There are instances where it’s important to find out what a person is worth. For example, if you’re seeking the creditworthiness of someone or if you’re looking for a potential business partner. However, it’s unfortunately not always the simplest of processes. Below, we’ll explain how you can calculate net worth of a person, either out of curiosity or for business purposes.
The first thing you should do when finding out someone’s net worth is to write down everything you know about the person at hand. However, make sure everything you write down can be verified. Over time, you’ll be able to get a better understand of what the person’s net worth is. At the same time, if someone’s assets do not match up, you’ll be able to inform them in case they’re offering misleading information about their financial status.
Where to Look For Assets
Below, are the top 13 helpful records you can use to search for someone’s assets:
1. Vehicle Registrations: Motor vehicle registrations can tell you what a person is driving, as well as what they own, such as other motor vehicles.
2. Watercraft Registrations: Boats or small watercraft registrations are usually done in the state the person you’re looking into lives in, but larger boats are generally done with the U.S. Coast Guard.
3. Real Property: Property is one of the most important assets a person can own or purchase. However, you can also find out about vacation homes and vacant land, besides a person’s primary home.
4. Divorce Proceedings: Although not every divorce filing is openly available in every state, such as New York, some states allow it to be publicly available, such as California, Florida, and Connecticut. Usually, divorce proceedings contain a list of assets that the person owns, such as bank holdings, expensive collections, and retirement funds.
5. Civil Litigation: If a person has either a federal or state litigation, they may have a large financial award from a lawsuit or settlement from a past business partner.
6. Aircraft Registrations: Any and all aircrafts have to be registered by the Federal Aviation Administration.
7. UCC Filings: These filings are deemed public information and must be filed with the secretary of state. However, UCC filings are usually backed by expensive collateral, such as costly equipment or business proceeds.
8. Probate Filings: Often, an inheritance from wealthy relatives can be located in probate filings. Additionally, identifying distant relatives or family members who are recently deceased can help you locate an inheritance.
9. Corporate Filings: In case there are assets not in a person’s direct name, they may be held by a corporation, LLC, or limited partnership. However, you can find this out by viewing corporate filings. But, it may be more challenging if you’re looking up a private company because they file based on private entities, that might not be available to the public.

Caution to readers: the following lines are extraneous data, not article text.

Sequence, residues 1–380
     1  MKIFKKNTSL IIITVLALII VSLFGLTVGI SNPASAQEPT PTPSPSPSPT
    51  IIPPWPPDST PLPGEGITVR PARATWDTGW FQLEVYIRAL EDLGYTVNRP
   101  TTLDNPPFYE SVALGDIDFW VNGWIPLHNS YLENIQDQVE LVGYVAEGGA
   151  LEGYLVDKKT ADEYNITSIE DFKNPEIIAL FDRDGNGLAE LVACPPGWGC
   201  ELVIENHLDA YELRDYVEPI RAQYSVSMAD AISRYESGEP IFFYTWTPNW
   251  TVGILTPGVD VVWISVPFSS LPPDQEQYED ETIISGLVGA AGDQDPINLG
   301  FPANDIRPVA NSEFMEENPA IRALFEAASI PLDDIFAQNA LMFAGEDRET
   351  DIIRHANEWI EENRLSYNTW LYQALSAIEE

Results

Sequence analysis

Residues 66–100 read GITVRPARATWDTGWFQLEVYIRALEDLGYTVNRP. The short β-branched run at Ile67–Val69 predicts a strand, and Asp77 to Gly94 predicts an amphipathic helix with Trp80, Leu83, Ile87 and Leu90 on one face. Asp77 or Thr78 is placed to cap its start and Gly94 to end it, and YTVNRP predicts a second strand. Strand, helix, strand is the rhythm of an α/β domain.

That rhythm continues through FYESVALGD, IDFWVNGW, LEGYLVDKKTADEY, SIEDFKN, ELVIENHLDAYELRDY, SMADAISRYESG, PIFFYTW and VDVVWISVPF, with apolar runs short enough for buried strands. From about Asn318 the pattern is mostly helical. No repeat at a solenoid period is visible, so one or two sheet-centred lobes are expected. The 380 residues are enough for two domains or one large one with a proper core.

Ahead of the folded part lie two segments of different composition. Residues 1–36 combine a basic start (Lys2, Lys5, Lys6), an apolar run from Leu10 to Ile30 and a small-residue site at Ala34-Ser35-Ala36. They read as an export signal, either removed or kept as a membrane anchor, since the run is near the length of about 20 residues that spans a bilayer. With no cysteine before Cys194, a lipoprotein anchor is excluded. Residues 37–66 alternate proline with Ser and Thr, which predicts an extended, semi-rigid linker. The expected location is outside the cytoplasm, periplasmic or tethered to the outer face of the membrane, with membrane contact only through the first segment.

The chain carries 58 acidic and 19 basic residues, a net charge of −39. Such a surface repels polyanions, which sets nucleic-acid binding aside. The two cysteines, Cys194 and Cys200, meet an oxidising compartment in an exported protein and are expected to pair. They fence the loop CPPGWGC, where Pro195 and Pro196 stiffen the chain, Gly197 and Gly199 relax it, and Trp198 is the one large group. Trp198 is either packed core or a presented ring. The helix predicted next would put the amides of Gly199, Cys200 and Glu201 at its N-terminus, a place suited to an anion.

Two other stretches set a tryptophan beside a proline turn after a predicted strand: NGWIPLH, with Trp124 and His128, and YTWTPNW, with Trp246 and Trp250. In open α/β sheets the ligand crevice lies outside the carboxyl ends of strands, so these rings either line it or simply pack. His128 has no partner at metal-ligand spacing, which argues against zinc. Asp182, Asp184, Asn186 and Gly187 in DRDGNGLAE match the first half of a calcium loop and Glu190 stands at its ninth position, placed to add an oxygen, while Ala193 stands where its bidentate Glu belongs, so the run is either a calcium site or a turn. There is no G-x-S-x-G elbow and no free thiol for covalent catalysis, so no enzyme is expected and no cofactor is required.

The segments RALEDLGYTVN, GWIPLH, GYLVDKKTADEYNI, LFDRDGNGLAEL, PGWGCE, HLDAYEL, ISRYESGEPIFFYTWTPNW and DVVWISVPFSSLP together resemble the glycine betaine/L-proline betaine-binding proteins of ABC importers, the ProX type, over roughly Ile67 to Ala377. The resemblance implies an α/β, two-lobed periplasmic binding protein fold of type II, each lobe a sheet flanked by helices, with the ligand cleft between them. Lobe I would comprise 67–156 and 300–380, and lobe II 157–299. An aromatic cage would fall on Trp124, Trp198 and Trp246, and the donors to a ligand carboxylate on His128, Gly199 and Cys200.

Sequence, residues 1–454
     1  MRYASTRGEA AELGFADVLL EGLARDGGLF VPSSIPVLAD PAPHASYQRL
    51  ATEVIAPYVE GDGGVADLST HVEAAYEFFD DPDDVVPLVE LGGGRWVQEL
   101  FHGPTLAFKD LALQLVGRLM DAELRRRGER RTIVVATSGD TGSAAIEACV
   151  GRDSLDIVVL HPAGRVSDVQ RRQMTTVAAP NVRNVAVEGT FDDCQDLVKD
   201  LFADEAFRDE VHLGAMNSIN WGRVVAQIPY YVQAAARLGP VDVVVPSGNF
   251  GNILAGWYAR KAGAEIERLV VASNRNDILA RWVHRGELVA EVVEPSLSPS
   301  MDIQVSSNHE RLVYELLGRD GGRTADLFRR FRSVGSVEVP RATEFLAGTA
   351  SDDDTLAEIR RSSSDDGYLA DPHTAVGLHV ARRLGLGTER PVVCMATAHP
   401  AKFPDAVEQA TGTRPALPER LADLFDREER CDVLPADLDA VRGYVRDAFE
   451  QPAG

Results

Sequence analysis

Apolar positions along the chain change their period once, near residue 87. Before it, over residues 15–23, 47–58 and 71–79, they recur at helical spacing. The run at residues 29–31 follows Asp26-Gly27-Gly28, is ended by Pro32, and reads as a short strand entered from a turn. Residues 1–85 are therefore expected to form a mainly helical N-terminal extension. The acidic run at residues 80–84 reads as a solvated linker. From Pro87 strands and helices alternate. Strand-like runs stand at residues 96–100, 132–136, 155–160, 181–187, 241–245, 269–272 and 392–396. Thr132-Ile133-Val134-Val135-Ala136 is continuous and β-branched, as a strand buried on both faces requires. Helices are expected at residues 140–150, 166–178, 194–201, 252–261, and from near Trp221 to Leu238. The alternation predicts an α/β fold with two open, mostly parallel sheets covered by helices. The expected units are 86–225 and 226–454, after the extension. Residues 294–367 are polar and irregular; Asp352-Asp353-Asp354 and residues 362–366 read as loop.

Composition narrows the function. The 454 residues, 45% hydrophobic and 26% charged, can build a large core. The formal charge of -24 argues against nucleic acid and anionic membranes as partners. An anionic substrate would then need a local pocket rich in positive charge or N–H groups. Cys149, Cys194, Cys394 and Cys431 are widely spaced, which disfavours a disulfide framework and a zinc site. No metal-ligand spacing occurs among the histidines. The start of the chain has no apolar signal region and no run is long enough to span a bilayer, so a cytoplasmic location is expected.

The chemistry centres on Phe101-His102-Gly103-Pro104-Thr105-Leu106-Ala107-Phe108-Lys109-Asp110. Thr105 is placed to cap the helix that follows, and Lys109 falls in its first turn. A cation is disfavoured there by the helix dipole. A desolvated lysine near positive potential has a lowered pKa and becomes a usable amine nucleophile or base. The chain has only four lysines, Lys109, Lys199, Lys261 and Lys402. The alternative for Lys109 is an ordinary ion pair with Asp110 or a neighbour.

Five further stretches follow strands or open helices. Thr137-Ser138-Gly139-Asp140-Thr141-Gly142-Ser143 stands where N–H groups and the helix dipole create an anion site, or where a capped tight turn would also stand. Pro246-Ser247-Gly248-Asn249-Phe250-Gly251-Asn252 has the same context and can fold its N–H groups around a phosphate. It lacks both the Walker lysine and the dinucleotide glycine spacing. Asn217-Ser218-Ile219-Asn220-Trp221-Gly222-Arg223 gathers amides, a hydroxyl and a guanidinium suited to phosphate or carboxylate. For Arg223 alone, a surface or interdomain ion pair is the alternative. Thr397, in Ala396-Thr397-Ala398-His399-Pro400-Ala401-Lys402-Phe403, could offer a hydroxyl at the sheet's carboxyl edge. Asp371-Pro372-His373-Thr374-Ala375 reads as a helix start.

10. SEC Filings: Companies that are traded publics are required to make specific disclosures. These kinds of disclosures include stock holdings, executive’s stock options, agreements, etc.
11. Patents and Trademarks: You should also check to see if they own any patents or trademarks. Many of these are worthless but other still are worth millions. Be sure to check to see if he or she owns any trademarks or patents of high worth.
12. Nonprofits: First, determine whether or not the party is involved with running a nonprofit. Though this is not the first place people look to gather information about a person’s assets, it can surely play a part. Some individuals have even used a nonprofit as their personal wallet. They may be diverting funds from the nonprofit to themselves through expense payments or a salary.
13. Small Business Retirement Funds: If the person you are investigating owns their own small business, they may have placed a large amount of their earnings in their company run retirement fund. You can see how much money is in their retirement account on the business’ Form 5500. The IRS requires all small business to submit this form which contains information about the retirement plan, assets it contains, and its operation.
How to Calculate a Net Worth
After you find out what someone owns, you can begin to calculate their worth. Keep in mind, however, that this will only be an estimation. Ordinarily, you would calculate net worth by adding together the value of all of the assets (things they own) and the liabilities (things they owe). Then, you would subtract the total of the liabilities from the total of the assets.
When you are trying to determine someone else’s worth, however, you won’t know exactly how much they have or how much they owe. This makes it difficult to determine their exact worth. You can use the same formula mentioned above to determine a close estimate, however.
What to Avoid When Determining Net Worth
When you are searching for financial assets and calculating net worth, there are a few things that you should not do.
– Do not use false pretenses to find someone’s income or other personal information. Avoid making phone calls and misrepresenting yourself as a financial institution. Doing this or hiring a private investigator to do this task is a federal crime and could get you in a lot of trouble.
– Don’t use illegal means to locate a person’s hidden assets. This could cause you to wind up in jail and it much more trouble than it is worth.
– Refrain from assuming that an asset listed in the subjects name belongs entirely to them. They may share the asset with a spouse, family member, or another partner. Try to assess how much equity they have in it first.